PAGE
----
I’ve heard people opine for a Spotify for ebooks. This isn’t as kooky as when they opine for Netflix or Blockbuster for physical books. The thing is… Spotify is pretty good for consumers, but sucks for creators. Well… it’s not all rosy as some people want to believe. (I really don’t get why so many librarians absolutely loathe the publishing industry, but give the music industry a pass.)
This week I saw this tweet:
Spotify for ebooks? Because what publishing really needs is an overhyped platform that doesn’t turn a profit? ow.ly/ep3Ln
— Guy L. Gonzalez (@glecharles) October 11, 2012
To which I replied:
— Kendra K. Levine (@tranlib) October 11, 2012
Let me expand on that. The idea of a streaming service for ebooks is not exactly new. This week Oyster receiver $3M in VC funding to make a “Netflix for ebooks” So the dream is getting close. What does it mean for libraries? I don’t know. If the platform is better than Overdrive or some of the other ebook things, I bet it could really catch on. Also, there’s the immediacy and cutting out the middle man, people like that.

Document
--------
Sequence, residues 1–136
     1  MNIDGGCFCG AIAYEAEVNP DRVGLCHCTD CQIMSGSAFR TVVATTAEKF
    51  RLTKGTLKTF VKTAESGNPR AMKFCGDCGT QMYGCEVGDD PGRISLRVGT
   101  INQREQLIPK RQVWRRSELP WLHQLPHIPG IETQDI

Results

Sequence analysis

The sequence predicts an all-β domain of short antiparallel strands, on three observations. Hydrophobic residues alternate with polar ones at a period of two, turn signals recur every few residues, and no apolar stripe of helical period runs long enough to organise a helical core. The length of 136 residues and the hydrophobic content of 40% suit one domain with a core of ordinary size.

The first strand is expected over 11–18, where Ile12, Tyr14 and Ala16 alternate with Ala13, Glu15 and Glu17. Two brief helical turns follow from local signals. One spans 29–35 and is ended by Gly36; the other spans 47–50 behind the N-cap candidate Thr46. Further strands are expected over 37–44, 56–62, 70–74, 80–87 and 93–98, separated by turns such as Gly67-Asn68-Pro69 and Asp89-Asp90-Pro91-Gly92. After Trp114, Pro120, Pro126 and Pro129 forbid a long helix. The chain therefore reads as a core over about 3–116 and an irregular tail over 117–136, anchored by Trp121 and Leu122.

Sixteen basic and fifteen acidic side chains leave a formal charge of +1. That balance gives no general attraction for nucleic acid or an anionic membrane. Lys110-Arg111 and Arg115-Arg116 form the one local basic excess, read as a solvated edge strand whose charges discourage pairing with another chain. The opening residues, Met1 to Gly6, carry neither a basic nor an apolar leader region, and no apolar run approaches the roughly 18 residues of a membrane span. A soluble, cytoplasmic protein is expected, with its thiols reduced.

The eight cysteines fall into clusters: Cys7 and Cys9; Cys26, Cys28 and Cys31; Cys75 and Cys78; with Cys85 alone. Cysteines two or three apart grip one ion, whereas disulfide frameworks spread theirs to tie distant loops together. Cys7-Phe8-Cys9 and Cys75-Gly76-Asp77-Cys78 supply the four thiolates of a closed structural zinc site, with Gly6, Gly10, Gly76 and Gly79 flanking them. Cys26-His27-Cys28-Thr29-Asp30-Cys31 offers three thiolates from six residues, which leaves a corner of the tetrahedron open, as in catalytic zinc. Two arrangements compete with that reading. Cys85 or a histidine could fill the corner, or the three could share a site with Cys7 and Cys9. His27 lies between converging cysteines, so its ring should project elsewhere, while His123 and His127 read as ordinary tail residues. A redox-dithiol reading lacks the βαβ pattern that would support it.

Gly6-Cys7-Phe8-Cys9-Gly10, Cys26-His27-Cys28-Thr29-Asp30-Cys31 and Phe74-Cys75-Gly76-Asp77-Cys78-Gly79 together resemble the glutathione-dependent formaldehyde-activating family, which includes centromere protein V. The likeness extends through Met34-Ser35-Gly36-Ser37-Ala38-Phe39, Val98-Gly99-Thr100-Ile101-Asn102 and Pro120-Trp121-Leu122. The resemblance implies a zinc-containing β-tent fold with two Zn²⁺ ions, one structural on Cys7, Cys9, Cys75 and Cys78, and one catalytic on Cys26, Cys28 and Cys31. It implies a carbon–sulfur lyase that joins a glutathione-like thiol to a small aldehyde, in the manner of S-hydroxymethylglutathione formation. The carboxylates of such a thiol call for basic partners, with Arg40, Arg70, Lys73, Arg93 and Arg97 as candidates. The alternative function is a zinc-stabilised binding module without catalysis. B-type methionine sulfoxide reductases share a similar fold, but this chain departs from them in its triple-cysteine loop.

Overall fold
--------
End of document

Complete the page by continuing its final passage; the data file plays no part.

If we have learned anything from music though, it’s that while the publishers might be crying poor – they’re the ones who are going to win on this deal, most likely at the expense of the artists. Will consumers care? If the popularity of Spotify and Pandora are anything to go on, probably not.
Spotify’s low royalty rates should be common knowledge by now. It’s definitely skewed toward major labels, and these companies tend to deal with labels directly (or digital distros). That makes sense, but that just means labels can take a huge cut, though most smaller labels are more equitable to their artists. The issue is really transparency. I’ve asked about this issue before, but I know it’s sort of like a sausage machine. My money goes in, music comes out, I’ll never know what happens in between.
The most notorious case of the royalty math might be Lady Gaga’s “Poker Face” in 2009. After over 1 million spins, she reportedly received a royalty check of $167. True, that’s not the same as sales, but wow… that’s small change.
So who’s going to like Oyster? The The Big 6 most likely will once they get some big licensing deals. Smaller publishers might try it out. Consumers will love the convenience. Authors… sorry, but I bet you’re used to it. Musicians sure are.